NEWS
June 23, 2011 | By Shari Roan, Los Angeles Times / For the Booster Shots blog
Reporting from Hollywood, Fla. -- Drunk or impaired drivers cause plenty of problems on the nation's roadways. And, according to the first study of its kind, a frightening number of drivers are not fit to drive.   Researchers from the National Highway Traffic Safety Administration and two other institutions set out to randomly sample drivers' sobriety in the 2007 U.S. National Roadside Survey. Authorities stopped drivers at 300 locations in 48 states during four periods on Friday and Saturday nights.
NEWS
December 22, 2010 | By Mary Forgione, Los Angeles Times
Obese drivers are more likely to die in a serious car wreck than drivers of normal weight, a new study says. Researchers at the University at Buffalo in New York examined drivers' body sizes and the number of car crash deaths between 2000 and 2005 from data in the Fatality Analysis Reporting System. The study calculated an increased risk factor of dying at 21% for moderately obese drivers and 56% for morbidly obese drivers. The lead researcher says crash test dummies that are obese might help.
AUTOS
June 18, 2013 | By Catherine Green
Most American drivers say they've been burned more than once by their GPS navigation systems, according to a new survey commissioned by Michelin. In the online survey of 2,200 drivers, 63% reported being taken off track an average of 4.4 times since starting to use global positioning systems. Younger adults between 18 and 34 said they'd been given wrong directions 6.3 times. An unfortunate 7% of motorists were misdirected more than 10 times. The fallibility of GPS systems is “something that we all kind of think [is true]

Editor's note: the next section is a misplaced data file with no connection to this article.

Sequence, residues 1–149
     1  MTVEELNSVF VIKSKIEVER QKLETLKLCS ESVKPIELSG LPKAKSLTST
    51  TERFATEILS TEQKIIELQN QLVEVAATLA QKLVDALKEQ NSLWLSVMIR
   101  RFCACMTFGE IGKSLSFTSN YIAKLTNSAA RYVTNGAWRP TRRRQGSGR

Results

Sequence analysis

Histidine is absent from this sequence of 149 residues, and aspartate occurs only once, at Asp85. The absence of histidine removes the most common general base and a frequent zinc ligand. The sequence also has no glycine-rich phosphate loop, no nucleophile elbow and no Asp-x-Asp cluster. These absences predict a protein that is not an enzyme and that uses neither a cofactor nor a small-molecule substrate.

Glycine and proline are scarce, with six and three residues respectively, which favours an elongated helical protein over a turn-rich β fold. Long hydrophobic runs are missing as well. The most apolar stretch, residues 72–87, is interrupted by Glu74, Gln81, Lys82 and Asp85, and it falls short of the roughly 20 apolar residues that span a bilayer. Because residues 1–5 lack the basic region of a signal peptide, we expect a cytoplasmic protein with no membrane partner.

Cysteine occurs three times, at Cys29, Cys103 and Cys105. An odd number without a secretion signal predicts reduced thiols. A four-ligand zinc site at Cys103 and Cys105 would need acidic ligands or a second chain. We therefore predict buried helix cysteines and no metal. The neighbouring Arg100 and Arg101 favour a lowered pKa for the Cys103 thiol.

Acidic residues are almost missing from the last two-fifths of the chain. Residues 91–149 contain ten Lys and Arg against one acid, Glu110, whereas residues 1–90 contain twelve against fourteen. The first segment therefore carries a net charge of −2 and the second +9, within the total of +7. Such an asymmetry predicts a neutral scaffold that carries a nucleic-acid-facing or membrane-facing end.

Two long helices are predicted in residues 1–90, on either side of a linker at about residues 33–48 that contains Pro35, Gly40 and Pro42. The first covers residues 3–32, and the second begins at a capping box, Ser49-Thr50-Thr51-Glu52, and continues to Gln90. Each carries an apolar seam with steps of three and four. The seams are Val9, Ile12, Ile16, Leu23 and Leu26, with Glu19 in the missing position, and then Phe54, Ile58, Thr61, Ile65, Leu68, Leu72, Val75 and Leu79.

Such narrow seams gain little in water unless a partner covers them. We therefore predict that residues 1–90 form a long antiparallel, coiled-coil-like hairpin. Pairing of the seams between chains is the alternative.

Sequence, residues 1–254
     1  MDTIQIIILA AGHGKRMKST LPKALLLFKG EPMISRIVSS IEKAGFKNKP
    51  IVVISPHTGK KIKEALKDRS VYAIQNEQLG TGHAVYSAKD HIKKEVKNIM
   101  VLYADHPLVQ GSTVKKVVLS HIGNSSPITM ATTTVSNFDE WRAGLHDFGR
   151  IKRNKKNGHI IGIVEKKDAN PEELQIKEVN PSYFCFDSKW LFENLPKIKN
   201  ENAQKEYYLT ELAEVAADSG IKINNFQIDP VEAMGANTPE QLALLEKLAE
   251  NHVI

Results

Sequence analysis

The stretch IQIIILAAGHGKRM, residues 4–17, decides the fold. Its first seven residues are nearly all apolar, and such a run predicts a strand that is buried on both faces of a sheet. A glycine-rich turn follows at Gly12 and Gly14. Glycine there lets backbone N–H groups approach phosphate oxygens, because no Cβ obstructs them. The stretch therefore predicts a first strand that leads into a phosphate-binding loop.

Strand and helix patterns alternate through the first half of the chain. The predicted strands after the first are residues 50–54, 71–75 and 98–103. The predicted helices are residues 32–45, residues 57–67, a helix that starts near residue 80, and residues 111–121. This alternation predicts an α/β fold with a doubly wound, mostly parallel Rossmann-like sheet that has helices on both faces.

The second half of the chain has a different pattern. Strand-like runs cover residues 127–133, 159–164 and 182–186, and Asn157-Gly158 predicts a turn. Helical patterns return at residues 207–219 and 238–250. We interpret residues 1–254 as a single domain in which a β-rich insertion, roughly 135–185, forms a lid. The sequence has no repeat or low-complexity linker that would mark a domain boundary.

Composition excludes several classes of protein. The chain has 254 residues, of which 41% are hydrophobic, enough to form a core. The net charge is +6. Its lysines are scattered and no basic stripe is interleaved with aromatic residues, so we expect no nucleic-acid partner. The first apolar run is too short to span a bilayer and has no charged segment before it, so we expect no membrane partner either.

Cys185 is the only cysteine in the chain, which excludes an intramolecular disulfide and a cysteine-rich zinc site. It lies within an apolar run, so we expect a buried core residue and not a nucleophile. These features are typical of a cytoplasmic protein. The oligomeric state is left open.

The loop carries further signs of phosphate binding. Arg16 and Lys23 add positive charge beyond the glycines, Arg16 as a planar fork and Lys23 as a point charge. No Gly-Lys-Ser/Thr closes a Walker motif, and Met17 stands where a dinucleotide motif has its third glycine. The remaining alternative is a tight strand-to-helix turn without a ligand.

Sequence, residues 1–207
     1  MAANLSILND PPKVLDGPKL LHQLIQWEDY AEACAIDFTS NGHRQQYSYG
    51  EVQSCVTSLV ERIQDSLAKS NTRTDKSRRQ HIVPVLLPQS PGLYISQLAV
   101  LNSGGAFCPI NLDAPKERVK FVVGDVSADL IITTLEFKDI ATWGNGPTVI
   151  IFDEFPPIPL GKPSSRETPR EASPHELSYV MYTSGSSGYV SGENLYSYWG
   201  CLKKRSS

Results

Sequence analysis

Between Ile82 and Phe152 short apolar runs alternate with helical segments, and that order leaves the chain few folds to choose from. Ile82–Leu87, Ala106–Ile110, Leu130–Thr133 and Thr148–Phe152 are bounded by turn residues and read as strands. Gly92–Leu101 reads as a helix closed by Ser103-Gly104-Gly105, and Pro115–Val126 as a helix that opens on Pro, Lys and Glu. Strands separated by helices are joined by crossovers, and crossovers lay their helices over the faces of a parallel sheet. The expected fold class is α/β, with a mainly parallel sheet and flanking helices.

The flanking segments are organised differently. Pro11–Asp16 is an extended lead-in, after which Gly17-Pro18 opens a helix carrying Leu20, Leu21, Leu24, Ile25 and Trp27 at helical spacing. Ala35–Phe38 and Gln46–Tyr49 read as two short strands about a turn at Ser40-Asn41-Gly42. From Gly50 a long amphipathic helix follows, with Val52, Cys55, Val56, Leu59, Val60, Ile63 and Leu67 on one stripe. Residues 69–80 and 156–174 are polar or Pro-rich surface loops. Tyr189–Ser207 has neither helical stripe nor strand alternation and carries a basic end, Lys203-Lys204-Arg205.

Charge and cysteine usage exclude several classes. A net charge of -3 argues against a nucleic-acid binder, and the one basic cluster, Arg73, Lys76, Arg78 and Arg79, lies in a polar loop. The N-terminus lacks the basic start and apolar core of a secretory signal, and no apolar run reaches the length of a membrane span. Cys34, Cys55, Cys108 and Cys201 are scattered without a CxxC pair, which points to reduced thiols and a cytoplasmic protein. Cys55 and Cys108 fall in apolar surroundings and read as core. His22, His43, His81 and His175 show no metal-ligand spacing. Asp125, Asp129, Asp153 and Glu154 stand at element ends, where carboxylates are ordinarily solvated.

BUSINESS
September 4, 2013 | By Paresh Dave
Like many Southern California residents, I resisted ever hailing a taxi. The region's traffic and sprawl hinted at exorbitant fares. Figuring out whom to call and then waiting on hold to order a cab added to my reluctance. But now with a smartphone, I've found ordering a taxi has actually become inviting. Anxious waits have been eliminated because you can track a taxi's journey to you on a digital map. Estimating fares, paying them, leaving tips and getting receipts can all be completed through an app. People who avoid taxis because they consider them scary or their drivers frustrating also have easy smartphone options.
CALIFORNIA | LOCAL
April 10, 2013 | By Laura J. Nelson
Last year, carpool lanes on a portion of the 110 Freeway were converted to toll lanes. Preliminary data show average travel speeds have increased in the lanes formerly reserved for carpoolers, but traffic has slowed on the rest of the freeway. So for solo drivers paying up to $15.40 per trip, the new toll lanes are providing a faster commute. More than 135,000 motorists have purchased FasTrak transponders since the toll lanes opened. Officials have collected more than $3 million in tolls along an 11-mile stretch of the Harbor Freeway, south of downtown.